A new article “Bioremediation of a polymetallic, arsenic-dominated reverse osmosis reject stream” was published in Letters in Applied Microbiology by our team (Dr. Lucian Staicu and Paulina Wojtowicz) in collaboration with Prof. Mihaly Posfai and Zsombor Molnar (University of Pannonia, Veszprem, Hungary), Prof. Encarnacion Ruiz-Agudo (University of Granada, Spain) and Dr. Diego Baragano and Prof. Jose Luis Gallego (University of Oviedo, Spain).
The article explores the bioremediation potential of a real industrial effluent (retentate stream from a full-scale reverse osmosis plant treating mine water) using a metal-resistant bacterial culture, Shewanella sp. O23S. The results show cysteine metabolism significantly increases the removal yield of several pollutants such as As (27%), Co (80%), Cu (96%), Mo (78%), Se (88%), Sb (83%), and Zn (90%). The contribution of cysteine as a source of H2S to enhancing the removal yield was confirmed by its addition after seven days of incubations initially lacking it. Additionally, the cysteine-sourced H2S was confirmed by its capture onto headspace-mounted Pb-acetate test strips that were analyzed by X-ray diffraction. We show that real metal-laden industrial effluents can be treated to medium-to-high efficiency using a biological system (naturally-sourced inocula) and inexpensive reagents (yeast extract, lactate and cysteine).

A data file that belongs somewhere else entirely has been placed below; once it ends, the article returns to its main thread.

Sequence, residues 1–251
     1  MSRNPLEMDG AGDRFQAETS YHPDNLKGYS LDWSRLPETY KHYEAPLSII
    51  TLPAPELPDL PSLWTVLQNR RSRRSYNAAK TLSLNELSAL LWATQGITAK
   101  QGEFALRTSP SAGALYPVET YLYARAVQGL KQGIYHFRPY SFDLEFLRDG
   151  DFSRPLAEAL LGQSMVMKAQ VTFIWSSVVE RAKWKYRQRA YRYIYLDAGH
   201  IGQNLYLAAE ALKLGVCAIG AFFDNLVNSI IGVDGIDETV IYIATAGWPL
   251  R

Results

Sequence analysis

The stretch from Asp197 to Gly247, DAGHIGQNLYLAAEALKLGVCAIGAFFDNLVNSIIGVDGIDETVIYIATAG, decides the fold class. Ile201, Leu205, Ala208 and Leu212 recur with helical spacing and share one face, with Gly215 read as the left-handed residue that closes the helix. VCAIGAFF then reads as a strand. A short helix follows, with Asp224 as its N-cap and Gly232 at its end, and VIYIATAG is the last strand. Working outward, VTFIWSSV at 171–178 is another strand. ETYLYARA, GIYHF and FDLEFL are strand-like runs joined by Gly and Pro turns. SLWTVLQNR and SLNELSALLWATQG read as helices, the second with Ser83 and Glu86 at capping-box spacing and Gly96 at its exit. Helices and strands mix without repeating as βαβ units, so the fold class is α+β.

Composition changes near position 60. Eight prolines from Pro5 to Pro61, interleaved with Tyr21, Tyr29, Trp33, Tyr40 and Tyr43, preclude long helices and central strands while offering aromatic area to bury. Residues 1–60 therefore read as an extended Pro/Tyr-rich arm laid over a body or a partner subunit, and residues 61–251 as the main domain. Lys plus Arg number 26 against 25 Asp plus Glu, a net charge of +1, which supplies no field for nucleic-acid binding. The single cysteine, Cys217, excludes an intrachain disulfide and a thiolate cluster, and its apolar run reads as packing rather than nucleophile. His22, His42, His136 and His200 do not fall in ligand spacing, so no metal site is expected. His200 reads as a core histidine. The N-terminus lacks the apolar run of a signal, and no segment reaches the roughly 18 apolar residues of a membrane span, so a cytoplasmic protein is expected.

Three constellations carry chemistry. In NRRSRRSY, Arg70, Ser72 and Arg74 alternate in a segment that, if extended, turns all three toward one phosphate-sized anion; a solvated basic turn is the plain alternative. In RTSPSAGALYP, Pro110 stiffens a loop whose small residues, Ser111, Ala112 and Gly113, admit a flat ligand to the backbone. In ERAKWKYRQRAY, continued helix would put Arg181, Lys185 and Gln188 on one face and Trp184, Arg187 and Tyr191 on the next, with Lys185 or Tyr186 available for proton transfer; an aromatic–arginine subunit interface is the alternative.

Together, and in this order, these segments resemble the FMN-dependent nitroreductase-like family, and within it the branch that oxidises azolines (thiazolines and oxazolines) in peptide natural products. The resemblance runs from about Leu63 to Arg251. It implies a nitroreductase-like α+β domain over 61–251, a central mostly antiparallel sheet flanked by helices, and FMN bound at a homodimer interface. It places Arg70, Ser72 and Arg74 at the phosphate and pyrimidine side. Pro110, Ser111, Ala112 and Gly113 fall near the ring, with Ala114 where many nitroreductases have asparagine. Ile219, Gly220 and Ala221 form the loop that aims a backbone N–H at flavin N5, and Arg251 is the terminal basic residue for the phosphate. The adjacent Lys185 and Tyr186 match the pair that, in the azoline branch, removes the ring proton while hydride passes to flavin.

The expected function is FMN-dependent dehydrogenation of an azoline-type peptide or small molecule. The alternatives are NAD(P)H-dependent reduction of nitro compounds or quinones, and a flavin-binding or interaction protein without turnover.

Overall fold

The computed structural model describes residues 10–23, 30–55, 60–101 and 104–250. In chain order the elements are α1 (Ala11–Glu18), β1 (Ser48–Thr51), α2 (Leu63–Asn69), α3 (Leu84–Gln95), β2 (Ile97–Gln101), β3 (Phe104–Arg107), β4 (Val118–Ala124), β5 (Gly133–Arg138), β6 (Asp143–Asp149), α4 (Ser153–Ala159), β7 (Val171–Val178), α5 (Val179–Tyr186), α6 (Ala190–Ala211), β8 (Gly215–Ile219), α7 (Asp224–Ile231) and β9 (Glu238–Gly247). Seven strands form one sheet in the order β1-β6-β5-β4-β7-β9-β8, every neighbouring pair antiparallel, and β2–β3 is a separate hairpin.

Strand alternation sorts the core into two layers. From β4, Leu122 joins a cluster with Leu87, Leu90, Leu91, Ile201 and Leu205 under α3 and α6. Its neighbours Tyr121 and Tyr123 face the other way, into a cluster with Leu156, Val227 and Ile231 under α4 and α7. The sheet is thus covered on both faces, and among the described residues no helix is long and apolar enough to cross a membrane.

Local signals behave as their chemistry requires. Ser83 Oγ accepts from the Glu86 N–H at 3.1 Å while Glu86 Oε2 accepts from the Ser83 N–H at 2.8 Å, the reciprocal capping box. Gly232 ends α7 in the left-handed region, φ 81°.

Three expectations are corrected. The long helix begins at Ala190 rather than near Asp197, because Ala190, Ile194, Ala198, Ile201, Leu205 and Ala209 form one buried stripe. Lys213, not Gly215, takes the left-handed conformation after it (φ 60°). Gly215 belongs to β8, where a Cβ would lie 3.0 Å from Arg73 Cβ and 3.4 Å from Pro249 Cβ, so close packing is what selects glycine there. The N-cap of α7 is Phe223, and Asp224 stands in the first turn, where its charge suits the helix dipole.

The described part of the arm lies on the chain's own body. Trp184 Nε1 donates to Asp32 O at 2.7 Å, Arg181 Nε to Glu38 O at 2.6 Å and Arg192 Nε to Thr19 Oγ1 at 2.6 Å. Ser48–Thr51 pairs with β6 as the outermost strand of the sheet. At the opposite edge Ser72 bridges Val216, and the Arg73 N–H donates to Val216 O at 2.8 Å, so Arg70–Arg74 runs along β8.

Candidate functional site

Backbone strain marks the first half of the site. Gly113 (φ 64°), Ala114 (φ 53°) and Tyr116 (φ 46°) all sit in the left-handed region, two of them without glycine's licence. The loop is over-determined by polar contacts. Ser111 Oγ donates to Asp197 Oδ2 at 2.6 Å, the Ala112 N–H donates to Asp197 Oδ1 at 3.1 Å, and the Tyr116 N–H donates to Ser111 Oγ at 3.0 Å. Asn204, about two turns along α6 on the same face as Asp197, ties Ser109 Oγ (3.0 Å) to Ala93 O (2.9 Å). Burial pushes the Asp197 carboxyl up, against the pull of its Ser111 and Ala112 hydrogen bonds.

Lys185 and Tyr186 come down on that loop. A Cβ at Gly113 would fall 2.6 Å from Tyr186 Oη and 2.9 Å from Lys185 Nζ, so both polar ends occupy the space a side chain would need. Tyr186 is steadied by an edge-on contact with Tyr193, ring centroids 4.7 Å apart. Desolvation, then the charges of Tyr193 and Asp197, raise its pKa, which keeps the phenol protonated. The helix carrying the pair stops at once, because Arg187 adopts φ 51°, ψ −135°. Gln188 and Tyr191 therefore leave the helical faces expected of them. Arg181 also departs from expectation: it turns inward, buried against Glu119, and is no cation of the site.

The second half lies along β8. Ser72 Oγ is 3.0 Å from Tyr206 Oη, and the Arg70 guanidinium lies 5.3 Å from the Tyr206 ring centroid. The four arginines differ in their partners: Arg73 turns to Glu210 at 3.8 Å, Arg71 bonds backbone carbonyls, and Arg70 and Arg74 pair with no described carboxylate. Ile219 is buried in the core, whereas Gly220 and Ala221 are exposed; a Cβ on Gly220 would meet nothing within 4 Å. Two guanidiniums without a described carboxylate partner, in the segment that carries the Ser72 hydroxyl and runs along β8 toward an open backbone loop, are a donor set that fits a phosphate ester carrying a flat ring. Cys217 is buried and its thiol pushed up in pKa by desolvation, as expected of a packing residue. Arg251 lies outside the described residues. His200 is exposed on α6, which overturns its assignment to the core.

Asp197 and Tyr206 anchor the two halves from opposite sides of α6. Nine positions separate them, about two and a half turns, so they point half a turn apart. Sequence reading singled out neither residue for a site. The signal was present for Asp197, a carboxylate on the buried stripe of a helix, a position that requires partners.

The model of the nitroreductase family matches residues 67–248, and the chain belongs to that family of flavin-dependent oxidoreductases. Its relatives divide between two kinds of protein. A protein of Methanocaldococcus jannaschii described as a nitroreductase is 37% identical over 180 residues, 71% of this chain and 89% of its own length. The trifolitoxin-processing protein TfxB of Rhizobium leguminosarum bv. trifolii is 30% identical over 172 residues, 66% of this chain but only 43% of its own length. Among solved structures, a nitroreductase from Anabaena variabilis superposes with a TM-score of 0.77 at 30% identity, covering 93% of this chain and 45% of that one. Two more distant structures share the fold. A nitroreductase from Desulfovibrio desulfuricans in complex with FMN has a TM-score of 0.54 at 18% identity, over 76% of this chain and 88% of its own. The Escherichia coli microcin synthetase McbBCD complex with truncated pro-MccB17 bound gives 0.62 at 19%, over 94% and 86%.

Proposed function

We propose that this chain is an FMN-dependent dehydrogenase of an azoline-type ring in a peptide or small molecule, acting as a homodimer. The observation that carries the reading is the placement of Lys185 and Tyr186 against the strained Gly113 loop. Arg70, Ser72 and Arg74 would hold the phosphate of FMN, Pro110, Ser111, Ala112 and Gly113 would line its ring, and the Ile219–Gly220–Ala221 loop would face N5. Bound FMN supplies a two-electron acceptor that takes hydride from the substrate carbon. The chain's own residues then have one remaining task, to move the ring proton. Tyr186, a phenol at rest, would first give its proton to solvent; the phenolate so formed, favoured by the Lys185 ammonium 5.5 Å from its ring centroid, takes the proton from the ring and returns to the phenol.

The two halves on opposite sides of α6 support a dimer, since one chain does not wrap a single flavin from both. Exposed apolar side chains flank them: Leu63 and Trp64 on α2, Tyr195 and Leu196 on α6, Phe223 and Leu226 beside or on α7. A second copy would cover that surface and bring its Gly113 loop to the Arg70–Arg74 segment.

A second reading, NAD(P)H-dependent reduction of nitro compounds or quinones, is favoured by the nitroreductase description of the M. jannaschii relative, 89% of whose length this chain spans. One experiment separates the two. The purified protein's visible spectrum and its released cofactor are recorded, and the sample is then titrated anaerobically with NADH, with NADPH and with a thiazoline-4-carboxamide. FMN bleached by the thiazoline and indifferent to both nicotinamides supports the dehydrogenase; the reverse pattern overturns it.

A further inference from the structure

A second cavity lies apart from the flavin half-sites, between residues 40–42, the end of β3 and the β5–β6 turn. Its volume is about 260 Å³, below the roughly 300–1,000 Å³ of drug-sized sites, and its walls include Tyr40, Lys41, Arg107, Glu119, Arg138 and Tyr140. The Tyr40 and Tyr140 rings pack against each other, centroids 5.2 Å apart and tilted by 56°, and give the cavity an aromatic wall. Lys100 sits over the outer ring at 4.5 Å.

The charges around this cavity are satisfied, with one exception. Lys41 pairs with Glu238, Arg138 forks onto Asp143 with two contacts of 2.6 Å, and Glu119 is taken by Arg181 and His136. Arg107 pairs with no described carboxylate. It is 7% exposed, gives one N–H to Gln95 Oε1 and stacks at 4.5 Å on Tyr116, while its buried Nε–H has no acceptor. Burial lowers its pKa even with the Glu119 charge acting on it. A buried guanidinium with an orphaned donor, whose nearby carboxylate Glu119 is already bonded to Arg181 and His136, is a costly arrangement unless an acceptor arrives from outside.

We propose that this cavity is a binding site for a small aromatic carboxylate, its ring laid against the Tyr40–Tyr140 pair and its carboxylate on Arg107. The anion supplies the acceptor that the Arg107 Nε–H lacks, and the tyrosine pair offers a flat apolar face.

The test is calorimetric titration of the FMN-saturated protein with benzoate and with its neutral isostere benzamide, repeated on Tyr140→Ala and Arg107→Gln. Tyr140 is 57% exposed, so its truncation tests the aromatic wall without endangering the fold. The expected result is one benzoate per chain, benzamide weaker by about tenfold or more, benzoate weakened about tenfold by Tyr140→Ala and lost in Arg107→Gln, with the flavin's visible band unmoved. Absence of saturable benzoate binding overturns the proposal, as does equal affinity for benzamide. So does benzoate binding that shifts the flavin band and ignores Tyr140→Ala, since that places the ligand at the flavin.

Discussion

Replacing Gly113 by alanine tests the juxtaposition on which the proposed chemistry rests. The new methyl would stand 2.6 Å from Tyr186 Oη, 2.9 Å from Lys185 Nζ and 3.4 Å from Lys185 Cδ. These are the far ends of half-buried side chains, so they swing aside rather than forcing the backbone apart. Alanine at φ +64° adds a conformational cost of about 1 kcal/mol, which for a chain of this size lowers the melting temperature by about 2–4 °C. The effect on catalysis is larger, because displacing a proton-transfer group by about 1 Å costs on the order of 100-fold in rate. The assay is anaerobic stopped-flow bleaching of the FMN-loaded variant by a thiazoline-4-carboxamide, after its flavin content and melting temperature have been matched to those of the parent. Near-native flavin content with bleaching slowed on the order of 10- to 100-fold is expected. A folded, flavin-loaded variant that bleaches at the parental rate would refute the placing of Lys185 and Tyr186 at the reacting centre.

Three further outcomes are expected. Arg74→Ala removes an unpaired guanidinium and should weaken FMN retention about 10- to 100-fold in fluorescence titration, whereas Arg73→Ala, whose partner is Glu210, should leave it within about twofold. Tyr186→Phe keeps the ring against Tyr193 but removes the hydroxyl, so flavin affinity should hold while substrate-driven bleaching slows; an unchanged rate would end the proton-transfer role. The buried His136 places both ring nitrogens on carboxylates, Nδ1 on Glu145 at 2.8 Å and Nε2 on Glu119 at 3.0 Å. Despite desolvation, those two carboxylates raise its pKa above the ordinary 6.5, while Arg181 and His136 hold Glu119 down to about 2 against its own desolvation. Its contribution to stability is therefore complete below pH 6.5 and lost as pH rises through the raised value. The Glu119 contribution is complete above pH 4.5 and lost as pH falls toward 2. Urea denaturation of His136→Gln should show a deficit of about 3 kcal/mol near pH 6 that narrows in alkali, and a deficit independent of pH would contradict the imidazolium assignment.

This study provides evidence of the medium-to-high removal of metals and metalloids present in real industrial effluents by using naturally-sourced metal-resistant bacterial inocula. Apart from the applied research significance, the coupling of cysteine degradation to metal removal sheds light into the microbially-driven natural attention of industrial pollution in specific geochemical settings. The results warrant the scaling up of the process to treat larger effluent volumes and potentially recover valuable metals in the form of metal sulfides.